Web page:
What to Plant in July
Don't give up on your garden when the weather is hot. Learn what to plant in July and you can still enjoy many of your favorite veggies, herbs and flowers.
Fast-growing leafy greens are a good choice for planting in July. They can take the place of other crops that you've already harvested and they'll be ready to pick before frost.
July is usually the hottest month of the year in the United States, and your plants know it. Cool-weather crops like lettuce and spinach revolt against the heat and turn tough and bitter, while herbs like cilantro quickly flower and die. Columbines, bleeding hearts and other early flowering ornamentals, including spring bulbs and many wildflowers, stop blooming or, like pansies, get leggy and struggle to even survive.
If you planted in the spring, your heat-loving edibles, like tomatoes and beans, are probably still producing, and herbs like rosemary, thyme and sage are thriving. But don't worry. Even if you didn't get an early start, there's still time to plant lots of veggies, herbs and lovely flowers.
Here's the key: If you garden in a cool region, plant crops that mature and ornamentals that bloom before the first fall frost. If you garden in a warm region, where the first frost arrives later in the fall, you can grow plants that take longer to mature or bloom.
How to Know What to Grow in July
Many gardeners practice succession planting in July, which means they've already grown one crop, and they're ready to plant again. Even if this is your first planting, you need to know a couple of dates.
If you're growing plants from seeds, read the seed packets to see how many days it takes for each vegetable variety to mature or each kind of flower to bloom. If you're growing vegetables from young plants, sometimes called starts or transplants, check their tags or labels or do some research to find this information. (If you're growing young flowering plants, they're probably already in bloom.)
Next, find the average first frost date for your area. Your local extension service or a neighboring gardener can probably tell you. Choose varieties that will produce or bloom before that date. Some will be labeled "early maturing."
For example, if your average first fall frost is November 13, and you're planting in early July, you need a pumpkin variety that matures before then. Most pumpkins take 90 to 120 days, so you'd need a variety that's ready in about 85 days, like miniature 'Jack Be Little'. Remember: Average frost dates are just estimates, so your plants could get hit by an earlier, unexpected frost. It's a good idea to add a little extra time to your planting schedule or be ready to protect your plants. (If you're in USDA Gardening Zone 3, you have the shortest growing season in the US. Temperatures there can drop to -30 degrees.)
Vegetables to Plant in July
Most tomatoes take about 100 days to produce fruit, so choose a fast-growing variety if you plant in July. 'Early Girl' is ready to harvest in about 50 days.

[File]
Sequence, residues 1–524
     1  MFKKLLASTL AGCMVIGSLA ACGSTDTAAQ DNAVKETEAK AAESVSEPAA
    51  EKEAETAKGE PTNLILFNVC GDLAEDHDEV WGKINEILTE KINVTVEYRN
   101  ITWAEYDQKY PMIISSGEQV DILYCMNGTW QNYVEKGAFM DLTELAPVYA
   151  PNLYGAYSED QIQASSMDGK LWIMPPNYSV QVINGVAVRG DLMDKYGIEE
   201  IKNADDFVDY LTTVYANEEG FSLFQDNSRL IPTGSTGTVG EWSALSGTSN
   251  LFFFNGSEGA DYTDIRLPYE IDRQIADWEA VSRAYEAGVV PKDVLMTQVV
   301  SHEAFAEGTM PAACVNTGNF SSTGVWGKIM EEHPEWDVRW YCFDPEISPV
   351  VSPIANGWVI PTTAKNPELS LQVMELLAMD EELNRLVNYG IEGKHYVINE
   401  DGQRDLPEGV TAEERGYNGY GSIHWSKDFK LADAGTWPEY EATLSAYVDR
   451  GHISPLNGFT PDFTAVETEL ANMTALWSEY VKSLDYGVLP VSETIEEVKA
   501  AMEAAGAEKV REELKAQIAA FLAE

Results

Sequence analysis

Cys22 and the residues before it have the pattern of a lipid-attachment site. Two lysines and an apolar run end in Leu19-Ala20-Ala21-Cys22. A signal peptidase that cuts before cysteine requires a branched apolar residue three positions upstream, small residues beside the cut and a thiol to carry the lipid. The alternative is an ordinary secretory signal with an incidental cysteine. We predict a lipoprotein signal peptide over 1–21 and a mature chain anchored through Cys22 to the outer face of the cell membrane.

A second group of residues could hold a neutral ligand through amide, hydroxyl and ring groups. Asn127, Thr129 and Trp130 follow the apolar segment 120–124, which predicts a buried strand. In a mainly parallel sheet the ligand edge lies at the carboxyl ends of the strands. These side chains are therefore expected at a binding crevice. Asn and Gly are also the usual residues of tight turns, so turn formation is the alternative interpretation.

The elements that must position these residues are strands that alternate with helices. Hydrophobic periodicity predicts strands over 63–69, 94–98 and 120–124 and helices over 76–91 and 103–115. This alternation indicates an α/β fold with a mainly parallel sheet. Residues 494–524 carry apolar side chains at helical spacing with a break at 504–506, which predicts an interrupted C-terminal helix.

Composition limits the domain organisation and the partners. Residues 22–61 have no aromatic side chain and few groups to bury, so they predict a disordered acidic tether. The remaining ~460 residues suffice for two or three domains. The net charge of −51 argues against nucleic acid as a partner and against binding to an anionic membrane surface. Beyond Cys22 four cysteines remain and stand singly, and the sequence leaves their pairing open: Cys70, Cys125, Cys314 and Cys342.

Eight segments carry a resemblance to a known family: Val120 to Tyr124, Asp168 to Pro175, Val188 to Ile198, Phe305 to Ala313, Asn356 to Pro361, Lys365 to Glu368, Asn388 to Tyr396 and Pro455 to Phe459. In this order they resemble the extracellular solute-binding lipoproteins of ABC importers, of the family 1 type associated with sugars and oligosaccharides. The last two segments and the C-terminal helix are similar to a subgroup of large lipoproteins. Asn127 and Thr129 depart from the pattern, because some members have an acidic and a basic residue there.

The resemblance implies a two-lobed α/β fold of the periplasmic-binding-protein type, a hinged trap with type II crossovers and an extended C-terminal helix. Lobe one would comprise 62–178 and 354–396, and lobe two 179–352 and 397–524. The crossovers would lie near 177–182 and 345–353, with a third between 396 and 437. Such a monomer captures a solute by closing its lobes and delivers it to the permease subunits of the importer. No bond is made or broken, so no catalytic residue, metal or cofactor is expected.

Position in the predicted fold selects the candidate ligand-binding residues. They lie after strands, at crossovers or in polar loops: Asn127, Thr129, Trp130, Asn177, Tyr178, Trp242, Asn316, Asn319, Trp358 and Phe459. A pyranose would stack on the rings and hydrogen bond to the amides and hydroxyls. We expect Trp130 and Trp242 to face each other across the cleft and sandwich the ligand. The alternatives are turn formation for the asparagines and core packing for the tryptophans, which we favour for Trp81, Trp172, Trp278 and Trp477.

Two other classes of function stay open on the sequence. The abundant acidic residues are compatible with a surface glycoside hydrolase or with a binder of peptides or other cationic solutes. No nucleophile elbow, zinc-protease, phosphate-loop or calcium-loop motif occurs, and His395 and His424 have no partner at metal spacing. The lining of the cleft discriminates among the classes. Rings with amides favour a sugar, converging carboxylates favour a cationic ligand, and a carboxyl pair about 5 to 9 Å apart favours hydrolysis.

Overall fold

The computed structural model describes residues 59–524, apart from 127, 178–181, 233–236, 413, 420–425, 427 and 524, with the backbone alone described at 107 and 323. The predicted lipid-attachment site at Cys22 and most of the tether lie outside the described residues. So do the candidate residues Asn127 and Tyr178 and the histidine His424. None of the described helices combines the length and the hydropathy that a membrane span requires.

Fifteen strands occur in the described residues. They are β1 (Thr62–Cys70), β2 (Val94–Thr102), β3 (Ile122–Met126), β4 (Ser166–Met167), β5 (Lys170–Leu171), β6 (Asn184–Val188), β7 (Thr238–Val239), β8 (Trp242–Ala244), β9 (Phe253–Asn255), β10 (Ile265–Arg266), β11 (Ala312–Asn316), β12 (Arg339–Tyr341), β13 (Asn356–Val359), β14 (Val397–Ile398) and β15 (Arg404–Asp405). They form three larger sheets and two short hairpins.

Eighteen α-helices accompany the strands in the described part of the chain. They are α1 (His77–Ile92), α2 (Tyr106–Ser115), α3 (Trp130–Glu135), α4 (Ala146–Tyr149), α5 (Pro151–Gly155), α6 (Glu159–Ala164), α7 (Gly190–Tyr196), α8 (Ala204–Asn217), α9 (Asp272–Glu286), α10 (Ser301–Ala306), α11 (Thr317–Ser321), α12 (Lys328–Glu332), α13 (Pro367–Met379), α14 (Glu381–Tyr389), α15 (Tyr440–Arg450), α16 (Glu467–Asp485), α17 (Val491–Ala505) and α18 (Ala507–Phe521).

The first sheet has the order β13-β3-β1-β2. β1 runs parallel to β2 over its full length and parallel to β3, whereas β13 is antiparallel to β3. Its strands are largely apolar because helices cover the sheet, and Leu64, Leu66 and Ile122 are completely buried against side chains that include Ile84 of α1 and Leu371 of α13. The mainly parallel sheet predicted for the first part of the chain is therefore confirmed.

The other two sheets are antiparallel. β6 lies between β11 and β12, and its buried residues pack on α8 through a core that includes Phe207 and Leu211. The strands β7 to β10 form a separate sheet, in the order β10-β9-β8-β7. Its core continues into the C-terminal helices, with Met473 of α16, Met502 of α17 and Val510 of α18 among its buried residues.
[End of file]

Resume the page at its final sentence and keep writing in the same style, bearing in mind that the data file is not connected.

- Asian greens
- Beans (Bush beans usually mature faster than pole beans)
- Carrots (plant no later than mid-July)
- Lettuce (heat-tolerant and bolt-resistant varieties)
- Swiss chard
- Tomatoes (from transplants; also, temperatures must be below 90 degrees or fruits won't set)
What to Plant in July in Cooler Regions
Herbs to Plant in July
July is also a good time to plant fast-growing herbs like cilantro, basil, parsley, oregano, rosemary, chives, dill, sage and thyme. Start them from seeds or buy young plants. If you want to bring them indoors to overwinter, pot them up in containers and keep them in a bright window.
Flowers to Plant in July
Although you can plant perennials at any time of the year — as long as your soil isn't frozen or too wet to work — they're best planted in spring or fall. That gives them time to develop new roots and get established before the summer heat sets in. If you plant perennials in July — and you may find them discounted at that time — keep them watered and mulched.
You can also grow annual flowers from transplants or sow the seeds of fast-growing annuals in July.
- California poppies
- Morning glories
- Pentas (may come back as perennials in warm climates)
Tips for Success When You Plant in July
- Garden in the morning or early evening when it's cooler and less stressful for plants. Cloudy days are also good.
- If it's very hot in July, protect young plants from the sun with a floating row cover or shade cloth.
- Keep seedlings and young plants consistently moist. Don't let seedbeds dry out.
- If your plants or seeds didn't make it this far, try growing drought-tolerant succulents instead. Give them at least partial sun. Pot them up to enjoy as houseplants before the temperatures drop.
- Mulch your plants with weed-free straw or shredded leaves to hold down weeds and help retain moisture.
- If you're out of room in your garden, plant in containers or window boxes. One advantage: You can move them into the shade if needed.